Conclusion: We present bioinformatic analyses that suggest that the FLNC variant is the major pathogenic variant affecting this family, but cannot rule out some contribution of the ADD3 mutation in at least two patients.
Restrictive cardiomyopathy, hypertrophic cardiomyopathy, FLNC, ADD3, mutation, desmin, exome sequencing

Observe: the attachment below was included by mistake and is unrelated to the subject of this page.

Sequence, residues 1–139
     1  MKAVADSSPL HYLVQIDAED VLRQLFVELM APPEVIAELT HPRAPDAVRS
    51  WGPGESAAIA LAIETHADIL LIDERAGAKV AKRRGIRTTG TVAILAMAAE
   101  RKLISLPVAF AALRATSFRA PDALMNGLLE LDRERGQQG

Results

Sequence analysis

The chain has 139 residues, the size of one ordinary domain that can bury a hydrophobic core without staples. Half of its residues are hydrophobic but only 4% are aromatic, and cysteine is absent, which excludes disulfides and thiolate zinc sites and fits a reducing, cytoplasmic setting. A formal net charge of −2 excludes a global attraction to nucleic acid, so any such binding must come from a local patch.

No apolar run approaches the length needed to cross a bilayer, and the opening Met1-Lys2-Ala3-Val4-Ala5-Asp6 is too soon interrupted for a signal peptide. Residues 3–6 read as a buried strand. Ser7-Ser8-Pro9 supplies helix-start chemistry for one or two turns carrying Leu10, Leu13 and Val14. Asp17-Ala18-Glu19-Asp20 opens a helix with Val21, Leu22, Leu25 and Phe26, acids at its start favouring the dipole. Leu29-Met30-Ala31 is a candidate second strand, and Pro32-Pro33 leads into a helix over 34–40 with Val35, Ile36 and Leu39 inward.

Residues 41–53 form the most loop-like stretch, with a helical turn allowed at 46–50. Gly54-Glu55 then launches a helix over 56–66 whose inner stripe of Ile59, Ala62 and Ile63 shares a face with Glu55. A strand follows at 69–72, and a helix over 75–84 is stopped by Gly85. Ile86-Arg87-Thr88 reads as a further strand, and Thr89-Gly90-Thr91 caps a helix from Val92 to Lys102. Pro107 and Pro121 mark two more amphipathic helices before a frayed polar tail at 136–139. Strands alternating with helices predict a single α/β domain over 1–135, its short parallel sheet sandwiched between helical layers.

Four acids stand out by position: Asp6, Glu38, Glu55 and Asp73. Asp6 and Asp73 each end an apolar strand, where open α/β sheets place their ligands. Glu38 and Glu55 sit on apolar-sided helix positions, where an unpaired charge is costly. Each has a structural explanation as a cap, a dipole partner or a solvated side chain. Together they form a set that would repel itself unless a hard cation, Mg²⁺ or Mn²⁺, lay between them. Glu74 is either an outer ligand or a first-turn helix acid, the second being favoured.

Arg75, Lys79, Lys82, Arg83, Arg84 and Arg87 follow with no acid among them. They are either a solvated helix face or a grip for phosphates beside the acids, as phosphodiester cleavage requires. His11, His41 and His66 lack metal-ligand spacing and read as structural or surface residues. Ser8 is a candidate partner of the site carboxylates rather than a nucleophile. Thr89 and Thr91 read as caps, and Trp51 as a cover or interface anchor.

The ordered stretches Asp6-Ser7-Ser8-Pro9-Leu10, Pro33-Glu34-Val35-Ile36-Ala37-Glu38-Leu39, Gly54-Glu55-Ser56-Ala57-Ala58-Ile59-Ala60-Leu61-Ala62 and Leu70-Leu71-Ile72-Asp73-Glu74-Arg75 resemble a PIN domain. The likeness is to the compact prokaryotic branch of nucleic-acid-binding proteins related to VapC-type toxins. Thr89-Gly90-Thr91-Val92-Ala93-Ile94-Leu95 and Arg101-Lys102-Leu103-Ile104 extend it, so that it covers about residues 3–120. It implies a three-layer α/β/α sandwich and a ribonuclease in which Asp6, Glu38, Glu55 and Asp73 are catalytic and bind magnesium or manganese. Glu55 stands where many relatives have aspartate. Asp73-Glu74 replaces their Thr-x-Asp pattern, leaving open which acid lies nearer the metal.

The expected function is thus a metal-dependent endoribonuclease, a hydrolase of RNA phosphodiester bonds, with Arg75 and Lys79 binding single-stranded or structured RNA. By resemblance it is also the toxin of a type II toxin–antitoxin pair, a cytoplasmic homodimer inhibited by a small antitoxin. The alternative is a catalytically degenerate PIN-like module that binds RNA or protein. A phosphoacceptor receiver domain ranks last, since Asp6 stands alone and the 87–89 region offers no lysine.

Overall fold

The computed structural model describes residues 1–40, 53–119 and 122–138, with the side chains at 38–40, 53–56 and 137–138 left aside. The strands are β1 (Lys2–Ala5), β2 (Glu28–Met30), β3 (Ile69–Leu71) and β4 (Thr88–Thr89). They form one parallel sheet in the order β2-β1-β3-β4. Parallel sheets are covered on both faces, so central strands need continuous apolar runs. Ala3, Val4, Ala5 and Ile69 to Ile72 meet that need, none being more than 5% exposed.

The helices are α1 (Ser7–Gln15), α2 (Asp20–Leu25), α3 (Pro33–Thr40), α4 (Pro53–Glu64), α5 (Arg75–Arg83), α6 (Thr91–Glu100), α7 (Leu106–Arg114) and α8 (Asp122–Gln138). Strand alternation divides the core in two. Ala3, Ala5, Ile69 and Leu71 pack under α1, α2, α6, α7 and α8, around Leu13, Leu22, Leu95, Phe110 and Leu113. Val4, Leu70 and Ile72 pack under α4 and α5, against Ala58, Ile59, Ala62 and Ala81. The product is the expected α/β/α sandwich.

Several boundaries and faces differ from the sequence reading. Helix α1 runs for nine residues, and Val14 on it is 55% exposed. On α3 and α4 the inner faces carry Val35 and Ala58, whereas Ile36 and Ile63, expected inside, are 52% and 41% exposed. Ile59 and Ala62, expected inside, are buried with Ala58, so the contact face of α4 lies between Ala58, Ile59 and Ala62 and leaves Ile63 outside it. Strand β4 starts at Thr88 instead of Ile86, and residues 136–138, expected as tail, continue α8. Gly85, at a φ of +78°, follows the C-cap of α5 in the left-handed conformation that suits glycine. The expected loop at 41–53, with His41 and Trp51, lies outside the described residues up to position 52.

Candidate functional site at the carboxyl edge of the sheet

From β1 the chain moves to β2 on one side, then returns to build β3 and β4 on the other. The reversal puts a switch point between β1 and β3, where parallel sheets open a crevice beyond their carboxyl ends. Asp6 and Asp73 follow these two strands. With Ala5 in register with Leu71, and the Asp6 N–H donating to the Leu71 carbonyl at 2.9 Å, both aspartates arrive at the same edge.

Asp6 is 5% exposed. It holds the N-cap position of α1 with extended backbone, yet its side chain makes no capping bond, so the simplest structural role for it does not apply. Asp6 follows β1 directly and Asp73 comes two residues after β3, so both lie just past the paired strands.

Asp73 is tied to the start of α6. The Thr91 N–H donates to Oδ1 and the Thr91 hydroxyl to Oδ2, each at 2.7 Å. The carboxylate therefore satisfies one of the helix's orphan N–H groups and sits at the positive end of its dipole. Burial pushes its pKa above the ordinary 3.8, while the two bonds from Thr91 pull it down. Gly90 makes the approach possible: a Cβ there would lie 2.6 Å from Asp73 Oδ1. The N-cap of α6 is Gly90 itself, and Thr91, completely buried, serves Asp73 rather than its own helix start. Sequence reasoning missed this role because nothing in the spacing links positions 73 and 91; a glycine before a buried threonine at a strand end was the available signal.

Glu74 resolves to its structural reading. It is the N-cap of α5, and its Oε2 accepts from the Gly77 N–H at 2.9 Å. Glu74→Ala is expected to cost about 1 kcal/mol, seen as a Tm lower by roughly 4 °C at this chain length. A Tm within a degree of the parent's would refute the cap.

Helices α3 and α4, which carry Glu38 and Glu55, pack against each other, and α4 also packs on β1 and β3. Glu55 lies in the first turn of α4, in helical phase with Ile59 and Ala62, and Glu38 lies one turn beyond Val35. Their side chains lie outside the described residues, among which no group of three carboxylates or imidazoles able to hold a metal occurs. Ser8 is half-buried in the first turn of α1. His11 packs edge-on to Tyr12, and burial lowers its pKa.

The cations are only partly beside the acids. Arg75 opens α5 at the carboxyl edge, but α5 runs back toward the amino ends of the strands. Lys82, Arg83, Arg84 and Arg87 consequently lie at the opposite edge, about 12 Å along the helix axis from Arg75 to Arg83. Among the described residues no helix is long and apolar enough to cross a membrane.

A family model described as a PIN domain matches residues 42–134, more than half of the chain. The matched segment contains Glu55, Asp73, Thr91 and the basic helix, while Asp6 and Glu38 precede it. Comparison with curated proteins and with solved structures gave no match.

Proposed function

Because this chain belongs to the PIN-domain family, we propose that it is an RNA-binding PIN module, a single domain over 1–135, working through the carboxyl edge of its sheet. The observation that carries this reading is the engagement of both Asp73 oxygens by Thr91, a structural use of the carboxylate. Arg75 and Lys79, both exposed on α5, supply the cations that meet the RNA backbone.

Restrictive cardiomyopathy (RCM) is a cardiac disease in which the diastolic function of the heart is impaired by increased myocardial stiffness, decreased ventricular filling and biatrial enlargement[1-3]. Prognosis is very poor, often requiring cardiac transplantation as a result of heart failure. RCM is the rarest of the classical types of cardiomyopathy, accounting for approximately 5% of all primary cardiomyopathy cases[4-6]. The other primary cardiomyopathies are classified on a morphological basis as hypertrophic (HCM), dilated (DCM), and arrhythmogenic right ventricular (ARVCM). In RCM, there is diastolic dysfunction but the overall size of the heart is typically normal, with minor enlargement of atria. Ventricular enlargement and other features can also occur, overlapping with features of the other primary cardiomyopathies. This phenotypic overlap demonstrates the clinical complexity of cardiomyopathy, and the variable expressivity from well over 1000 mutations in over 100 known cardiomyopathy genes. Typically, these genes encode proteins of the sarcomere, z-disk domain, intermediate filaments, ion channel, intercalated disk, and cytoskeletal proteins[3,7-10]. This variable expressivity in cardiomyopathy is seen even within the same family, with multiple diagnoses (including this family and other examples)[7,9,11,12]. RCM can also occur from infiltrative processes, such as amyloid or desmin deposition, often due to genetic mutations. Although a few cases of recessive inheritance in RCM have been described, most RCM pedigrees best fit autosomal dominant inheritance, consistent with the other types of cardiomyopathy[13-15]. Such gene mutations can occur de novo as well, with no prior family history. Mutations associated with RCM have been found in MYH7, TNNI3, TNNT2, ACTC, BAG3, DES, MYL2, MYL3, MYPN, TPMI, TTN, and TTR. More recently, the genes FLNC, TNNC1, and MYBPC3 have also been implicated[13,17,18].